Oxford Uni researchers say their vaccine could be ready in 4 months

Prof David M. Salisbury
Prof David M. Salisbury

The researcher Adrian Hill, from Oxford University, has said that the vaccine against COVID-19 currently being developed by the Jenner Institute could be ready in October, based on the advances that are being seen in clinical trials. “If everything goes well, we will have the results of clinical trials in August / September.

Given that we are manufacturing in parallel, we will be ready to deliver from October, if everything goes well we will be ready to deliver from October,” he said during the ‘webinar’ conference on COVID-19 held by the Spanish Society of Rheumatology (SER).

Hill has also released data on the vaccine they are developing. It is based on live viruses (in this case, the adenovirus) with a very high replication capacity, which facilitates its production on a large scale, achieving a large number of doses in less time and at a higher cost.

“This vaccine has shown very good results in trials with chimpanzees and has already moved on to the next phase of human trials. One of its advantages at the start was to demonstrate in previous trials that similar inoculations, including one last year against a previous coronavirus, were harmless to humans,” he said.

It is not yet known how long the vaccine being developed at Oxford University would protect for; but, by the type of vaccine, everything seems to indicate that it would be annual, that is, that it would have a seasonality like that of the flu.

Although it ranks first in the world race, this is not the only vaccine that is being developed. Other research teams in different parts of the world have also started their own clinical trials.

At the meeting organized by SER, the Spanish virologists Luis Enjuanes and Mariano Esteban have also reported on two of the initiatives that are currently taking place in Spain to achieve a vaccine against SARS-CoV-2.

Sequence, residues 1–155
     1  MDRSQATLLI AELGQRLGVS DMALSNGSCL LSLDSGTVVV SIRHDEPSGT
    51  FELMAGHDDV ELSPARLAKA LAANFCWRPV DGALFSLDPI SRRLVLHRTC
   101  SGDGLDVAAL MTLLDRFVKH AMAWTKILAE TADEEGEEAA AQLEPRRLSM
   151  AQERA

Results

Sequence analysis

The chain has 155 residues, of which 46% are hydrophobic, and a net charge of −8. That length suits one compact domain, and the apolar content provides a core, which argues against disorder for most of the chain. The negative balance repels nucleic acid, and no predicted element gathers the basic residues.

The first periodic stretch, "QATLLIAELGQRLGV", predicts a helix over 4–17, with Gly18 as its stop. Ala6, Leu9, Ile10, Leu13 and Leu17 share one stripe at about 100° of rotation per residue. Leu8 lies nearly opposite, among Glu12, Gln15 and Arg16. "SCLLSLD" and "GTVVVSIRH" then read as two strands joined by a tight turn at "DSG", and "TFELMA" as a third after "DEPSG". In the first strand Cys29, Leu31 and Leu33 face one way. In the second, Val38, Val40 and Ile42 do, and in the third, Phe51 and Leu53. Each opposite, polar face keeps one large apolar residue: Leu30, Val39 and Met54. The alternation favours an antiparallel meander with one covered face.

“Our vaccine is a highly reduced variant of the one used against smallpox. We use a poxvirus that expresses the SARS-2 protein S, responsible for the pathogen’s entry into human cells. We have already started animal testing, by which, if all goes well, at the end of the year we could start testing it in humans, “Esteban said.

The experts who took part in the meeting organised by the SER agreed that, at this time, it is a priority to get a vaccine that protects enough to reduce mortality, infections and the need for hospitalisation, but that in the long term they would want to achieve a vaccine capable of producing long-term immunological memory and, therefore, it is highly probable that different vaccines will be available on the market.

The meeting was also attended by David M. Salisbury, from the Royal Institute of International Affairs, Chatham House in London, who insisted on the importance of vaccination reaching all countries in the world and regretted that this will not be available in all of them at once, since there are notable differences in structure and resources, especially in many countries in Africa and some parts of Asia and America.

In this sense, he has urged a global effort to find funding that will allow access to vaccines by the neediest countries.